Earning The Trust Of Your Employees

Earning The Continued Trust Of Your Internal Customers

Many years ago, I read an article that featured an interview with Herb Kelleher, the co-founder of Southwest Airlines. In the article, he stated that he and his mother (who was a Harvard graduate) would often debate who was more important. He argued that it was the employees of a company, and his mom argued that it was the customers. With all due respect, I would argue, why does it need to be one or the other?

Many years ago, I read an article that featured an interview with Herb Kelleher, the co-founder of Southwest Airlines. In the article, he stated that he and his mother (who was a Harvard graduate) would often debate who was more important. He argued that it was the employees of a company, and his mom argued that it was the customers.

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Are you sympathetic to your employees’ personal struggles? You’ll find that if you have the right people, they will not take your sympathy for granted.

With all due ­respect, I would argue, why does it need to be one or the other? From my point of view, this debate is like having two children and being asked which one we love the most, because both your customers and your employees are equally important.

Since it’s ­becoming increasingly difficult to find and hire the superstars, I would like to use this article to help you continue earning the trust of your employees, who at Elite we refer to as our internal customers.

Putting first things first, as business owners we need to recognize that our internal customers are much like our external customers. In your case, your external customers come to you with transportation problems that you solve, and then they pay you with their hard-earned money.

Your internal customers come to you with needs as well. Those needs ­include being able to save enough money to buy a home, or having the funds available that they’ll need to educate their children. Simply put, you should provide them with the right ­opportunities and help them fulfill those needs. In ­return, they pay you with their work efforts and their contributions toward your success.

So the question is, what can you do to keep the stars you have, not just for a few years, but for the length of their working careers? Although there is no formula that will guarantee results, there are a number of things you can do to keep your stars as your stars.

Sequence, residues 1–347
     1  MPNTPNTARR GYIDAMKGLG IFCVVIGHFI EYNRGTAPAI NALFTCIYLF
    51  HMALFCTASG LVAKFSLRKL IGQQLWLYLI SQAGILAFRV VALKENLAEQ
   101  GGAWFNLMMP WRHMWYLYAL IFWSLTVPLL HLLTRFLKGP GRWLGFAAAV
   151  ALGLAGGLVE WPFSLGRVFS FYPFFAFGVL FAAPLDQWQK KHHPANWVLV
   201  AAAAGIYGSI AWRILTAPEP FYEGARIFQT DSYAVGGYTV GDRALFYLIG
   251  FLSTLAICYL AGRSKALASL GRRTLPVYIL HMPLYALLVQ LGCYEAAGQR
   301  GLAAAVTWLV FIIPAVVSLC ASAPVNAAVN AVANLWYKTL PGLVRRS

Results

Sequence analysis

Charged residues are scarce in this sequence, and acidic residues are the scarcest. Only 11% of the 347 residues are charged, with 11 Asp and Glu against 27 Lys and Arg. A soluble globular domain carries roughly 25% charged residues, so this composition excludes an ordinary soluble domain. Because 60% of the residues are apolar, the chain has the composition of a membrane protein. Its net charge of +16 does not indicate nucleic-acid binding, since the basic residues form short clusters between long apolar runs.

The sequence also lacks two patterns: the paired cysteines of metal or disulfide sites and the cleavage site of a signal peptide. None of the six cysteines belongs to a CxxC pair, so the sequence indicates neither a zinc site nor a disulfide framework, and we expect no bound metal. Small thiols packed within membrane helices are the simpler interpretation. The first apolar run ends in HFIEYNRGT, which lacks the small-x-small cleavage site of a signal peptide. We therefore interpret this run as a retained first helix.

Winning Employees’ Hearts

First, and most importantly, never forget this cardinal rule of managing people: We have to keep (win) the hearts of our employees, ­because once we lose their hearts, their minds will follow. I actually coined this rule long ago and have lived by it for decades. Now, here is how you can implement it:

With every superstar who works with you, you need to look beyond the employee component of your relationship, and consider them as a person, just like you. This means that you need to truly care about your employees as people, and the things that are important to them need to ­become ­important to you. Once they realize that you ­really do care about them and their families, as well as their goals, they will then care about you and the goals of your company.

Secondly, you need to be a great ­listener, you need to pay close attention to their suggestions and you need to ­always thank them for their input.

I’ve also learned that you need to be a shoulder that your employees can lean on. By being sympathetic to their personal struggles, you’ll find that if you have the right people, they will not take your sympathy for granted, but they will go to the ends of the earth for you. You need to let them know that you recognize their talents and strengths, and you need to give them praise for jobs that are well done.

Beyond that, you have to show them the humility that all employees seek. This means you’ll need to set your pride aside to let them know that they are much more gifted than you in many ways, you’ll need to admit to your mistakes, and you’ll need to give heartfelt apologies at the appropriate times.

Lastly, if you plan on keeping their hearts, you’ll need to constantly share your vision of the ­future and paint a clear path to their success in the ­coming years.

Over the years, I’ve discovered that people don’t leave companies. They never have, and they never will. ­People leave people, not ­companies. If you’d like to continue earning the trust and confidence of your employees, then I would encourage you to apply the principles that I’ve shared with you. If you do, then I’ll make you a promise: ­Beyond being a great role model for your employees, the morale of your employees will go up, your shop’s productivity will go up and any ­employee turnover problems you have will ­disappear.

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